Police and partners bring in athlete mentoring scheme in Thanet school
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Children at a Thanet school are to benefit from a new Kent Police-led project which will see a British athlete support the young people as they take part in a personal development and wellbeing programme, and look at ways to improve their communities.
The initiative was put together by Sergeant Sheena Maclean-Bell from Thanet’s Community Safety Unit, who is aiming to reduce the risk of young people becoming involved with crime and instead give them the confidence and skills to have a brighter future. Her efforts have resulted in partner agencies including Southeastern, Kent Community Foundation and Virtual School Kent, offering funding and support to introduce a new programme to the school.
The programme at St George’s School in Broadstairs will see an athlete assigned from Dame Kelly Holmes Trust work with the children as a mentor. Former international fencer for Great Britain and Commonwealth Games gold medallist Claire Bennett will support two groups of year 8 and 9 pupils from October to June as they look to make a difference in their local environment.
The charity delivers programmes designed to boost young people’s wellbeing, confidence, resilience and self-esteem so individuals can fulfil their true potential. It is the first time that a police force has teamed up with the Trust to deliver the opportunity.
The programme connects young people with their own skills and strengths through mentoring sessions, and with their local community through hands-on practical work. The children will be looking at Thanet and what can be done to benefit the area and potentially help to reduce crime and anti-social behaviour.
Bringing about positive change
Sgt Maclean-Bell, who heads up the newly-established Child Centred Policing team in the district, was aware of the Trust’s work and wanted to introduce one of their programmes into a local school. She said: ‘A priority for Kent Police is to keep children safe and as a team we focus on the welfare of vulnerable young people. We work with schools and organisations to provide intervention and support those who might find themselves at risk from becoming involved in crime. ‘The work that will be beneficial to the community will completely depend on the children. They will be asked to come up with their own ideas of a social action project, such as tidying up an area to reduce the risk of ASB. Supported by the trust and our officers, they will work in teams to understand how their actions can bring about positive changes and over the school year will aim to bring that plan to fruition. ‘I am looking forward to my team working with the young people at St George’s School and our partners and seeing what ideas the pupils will have that will benefit the wider community.’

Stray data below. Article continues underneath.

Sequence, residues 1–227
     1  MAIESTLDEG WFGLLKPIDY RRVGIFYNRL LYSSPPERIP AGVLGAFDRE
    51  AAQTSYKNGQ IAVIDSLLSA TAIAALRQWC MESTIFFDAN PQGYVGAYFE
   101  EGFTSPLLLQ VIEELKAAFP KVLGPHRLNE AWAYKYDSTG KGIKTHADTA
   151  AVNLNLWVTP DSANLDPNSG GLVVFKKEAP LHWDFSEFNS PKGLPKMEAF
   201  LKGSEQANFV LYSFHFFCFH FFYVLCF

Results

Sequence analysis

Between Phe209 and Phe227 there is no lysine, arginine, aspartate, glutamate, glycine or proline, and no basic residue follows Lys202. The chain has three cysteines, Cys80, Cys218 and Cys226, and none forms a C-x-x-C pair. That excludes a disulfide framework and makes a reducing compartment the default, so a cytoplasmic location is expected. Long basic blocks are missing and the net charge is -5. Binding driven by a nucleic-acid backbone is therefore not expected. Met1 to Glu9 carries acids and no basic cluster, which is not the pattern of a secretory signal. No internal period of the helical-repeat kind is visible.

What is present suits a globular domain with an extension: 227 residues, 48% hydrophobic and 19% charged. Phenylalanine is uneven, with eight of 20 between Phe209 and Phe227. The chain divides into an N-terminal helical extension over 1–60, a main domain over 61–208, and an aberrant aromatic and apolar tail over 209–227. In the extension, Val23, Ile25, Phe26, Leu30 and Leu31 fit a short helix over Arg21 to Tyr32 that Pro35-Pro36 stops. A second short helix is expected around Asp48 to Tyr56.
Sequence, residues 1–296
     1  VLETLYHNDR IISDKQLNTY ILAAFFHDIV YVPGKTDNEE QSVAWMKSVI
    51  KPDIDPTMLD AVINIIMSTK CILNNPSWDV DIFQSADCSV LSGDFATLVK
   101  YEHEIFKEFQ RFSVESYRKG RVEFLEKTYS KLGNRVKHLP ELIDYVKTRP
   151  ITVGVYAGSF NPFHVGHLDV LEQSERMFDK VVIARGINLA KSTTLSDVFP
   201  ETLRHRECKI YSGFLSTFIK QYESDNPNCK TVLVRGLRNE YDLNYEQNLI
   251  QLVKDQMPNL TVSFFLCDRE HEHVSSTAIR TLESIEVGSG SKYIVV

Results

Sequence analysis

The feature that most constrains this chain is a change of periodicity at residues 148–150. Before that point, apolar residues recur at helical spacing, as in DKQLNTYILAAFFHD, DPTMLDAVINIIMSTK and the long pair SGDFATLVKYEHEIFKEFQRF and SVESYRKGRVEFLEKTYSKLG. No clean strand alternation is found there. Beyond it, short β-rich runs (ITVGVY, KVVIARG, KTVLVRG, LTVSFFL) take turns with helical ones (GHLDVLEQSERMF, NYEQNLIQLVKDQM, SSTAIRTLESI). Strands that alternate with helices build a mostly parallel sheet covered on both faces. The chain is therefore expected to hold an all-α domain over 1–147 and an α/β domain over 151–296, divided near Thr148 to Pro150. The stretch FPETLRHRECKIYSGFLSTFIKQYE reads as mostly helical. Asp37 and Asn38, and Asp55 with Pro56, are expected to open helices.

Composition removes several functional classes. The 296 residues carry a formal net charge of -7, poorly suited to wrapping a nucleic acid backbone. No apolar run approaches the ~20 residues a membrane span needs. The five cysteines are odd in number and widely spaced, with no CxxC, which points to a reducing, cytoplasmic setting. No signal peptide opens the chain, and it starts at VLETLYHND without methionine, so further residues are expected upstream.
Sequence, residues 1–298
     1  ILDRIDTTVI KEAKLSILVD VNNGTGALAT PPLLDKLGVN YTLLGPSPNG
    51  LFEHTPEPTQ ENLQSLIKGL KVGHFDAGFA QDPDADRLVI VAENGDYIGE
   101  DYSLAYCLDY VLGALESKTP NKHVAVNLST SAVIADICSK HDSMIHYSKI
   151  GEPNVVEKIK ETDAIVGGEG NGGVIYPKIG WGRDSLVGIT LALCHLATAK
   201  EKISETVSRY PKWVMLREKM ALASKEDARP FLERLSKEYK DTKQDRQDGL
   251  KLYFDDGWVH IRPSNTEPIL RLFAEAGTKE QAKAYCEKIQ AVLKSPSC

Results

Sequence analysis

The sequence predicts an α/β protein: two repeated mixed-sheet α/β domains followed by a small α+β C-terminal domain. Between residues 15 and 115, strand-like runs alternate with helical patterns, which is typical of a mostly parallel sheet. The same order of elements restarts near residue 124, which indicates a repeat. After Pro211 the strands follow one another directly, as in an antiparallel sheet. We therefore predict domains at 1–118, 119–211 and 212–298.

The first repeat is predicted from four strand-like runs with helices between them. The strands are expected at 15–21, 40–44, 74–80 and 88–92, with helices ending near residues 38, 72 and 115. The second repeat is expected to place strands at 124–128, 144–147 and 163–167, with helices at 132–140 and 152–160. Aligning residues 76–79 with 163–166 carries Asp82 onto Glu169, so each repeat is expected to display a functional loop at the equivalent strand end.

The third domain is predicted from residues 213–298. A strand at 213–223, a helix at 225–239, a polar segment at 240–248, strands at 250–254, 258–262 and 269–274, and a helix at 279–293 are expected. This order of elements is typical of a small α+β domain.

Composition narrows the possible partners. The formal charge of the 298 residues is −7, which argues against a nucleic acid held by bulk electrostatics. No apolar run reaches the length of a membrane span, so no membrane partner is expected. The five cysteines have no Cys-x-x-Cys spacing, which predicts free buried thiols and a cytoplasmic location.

Claire Bennett, who will be mentoring the Thanet-based pupils, said:
‘We are so lucky to be able to go on a journey with a young person and support them to achieve their goals and ambitions. It fills me with pride and joy to see the positive impact athlete mentors have on the lives of young people and the best bit is following their progress and success in their lives beyond each programme.’
Adam Mirams, Headteacher said:
‘We are hugely grateful for being given the opportunity to work in collaboration with Southeastern, Kent Police and Dame Kelly Holmes Trust to take a part in a mentoring scheme that will support with the personal development of some of our pupils. ‘This scheme is an indication of the ability and desire of organisations to work together for the development of young people in the area and we hope that this will prove to be the start of initiatives that will touch many more pupils over time. ‘We are hugely privileged as a school to work with such dynamic and forward thinking organisations for the benefit of young people.’